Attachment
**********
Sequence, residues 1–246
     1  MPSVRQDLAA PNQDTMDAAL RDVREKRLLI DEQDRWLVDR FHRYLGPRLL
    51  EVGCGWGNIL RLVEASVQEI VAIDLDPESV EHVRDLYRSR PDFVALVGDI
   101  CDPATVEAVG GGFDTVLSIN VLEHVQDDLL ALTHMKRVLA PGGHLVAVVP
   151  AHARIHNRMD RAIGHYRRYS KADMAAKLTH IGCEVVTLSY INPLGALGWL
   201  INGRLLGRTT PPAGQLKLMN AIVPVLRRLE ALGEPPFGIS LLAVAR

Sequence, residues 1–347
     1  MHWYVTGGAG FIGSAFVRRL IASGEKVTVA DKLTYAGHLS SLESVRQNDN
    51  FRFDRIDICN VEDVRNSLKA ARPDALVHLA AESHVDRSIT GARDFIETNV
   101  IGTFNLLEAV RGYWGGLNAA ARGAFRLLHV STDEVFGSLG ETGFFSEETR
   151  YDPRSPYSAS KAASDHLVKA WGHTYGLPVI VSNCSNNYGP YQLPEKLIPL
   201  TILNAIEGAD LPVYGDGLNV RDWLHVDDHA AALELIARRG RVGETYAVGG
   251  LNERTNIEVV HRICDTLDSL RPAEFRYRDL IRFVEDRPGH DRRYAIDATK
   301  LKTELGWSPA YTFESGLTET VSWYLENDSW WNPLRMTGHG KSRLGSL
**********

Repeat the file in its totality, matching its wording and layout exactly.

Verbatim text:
Sequence, residues 1–246
     1  MPSVRQDLAA PNQDTMDAAL RDVREKRLLI DEQDRWLVDR FHRYLGPRLL
    51  EVGCGWGNIL RLVEASVQEI VAIDLDPESV EHVRDLYRSR PDFVALVGDI
   101  CDPATVEAVG GGFDTVLSIN VLEHVQDDLL ALTHMKRVLA PGGHLVAVVP
   151  AHARIHNRMD RAIGHYRRYS KADMAAKLTH IGCEVVTLSY INPLGALGWL
   201  INGRLLGRTT PPAGQLKLMN AIVPVLRRLE ALGEPPFGIS LLAVAR

Sequence, residues 1–347
     1  MHWYVTGGAG FIGSAFVRRL IASGEKVTVA DKLTYAGHLS SLESVRQNDN
    51  FRFDRIDICN VEDVRNSLKA ARPDALVHLA AESHVDRSIT GARDFIETNV
   101  IGTFNLLEAV RGYWGGLNAA ARGAFRLLHV STDEVFGSLG ETGFFSEETR
   151  YDPRSPYSAS KAASDHLVKA WGHTYGLPVI VSNCSNNYGP YQLPEKLIPL
   201  TILNAIEGAD LPVYGDGLNV RDWLHVDDHA AALELIARRG RVGETYAVGG
   251  LNERTNIEVV HRICDTLDSL RPAEFRYRDL IRFVEDRPGH DRRYAIDATK
   301  LKTELGWSPA YTFESGLTET VSWYLENDSW WNPLRMTGHG KSRLGSL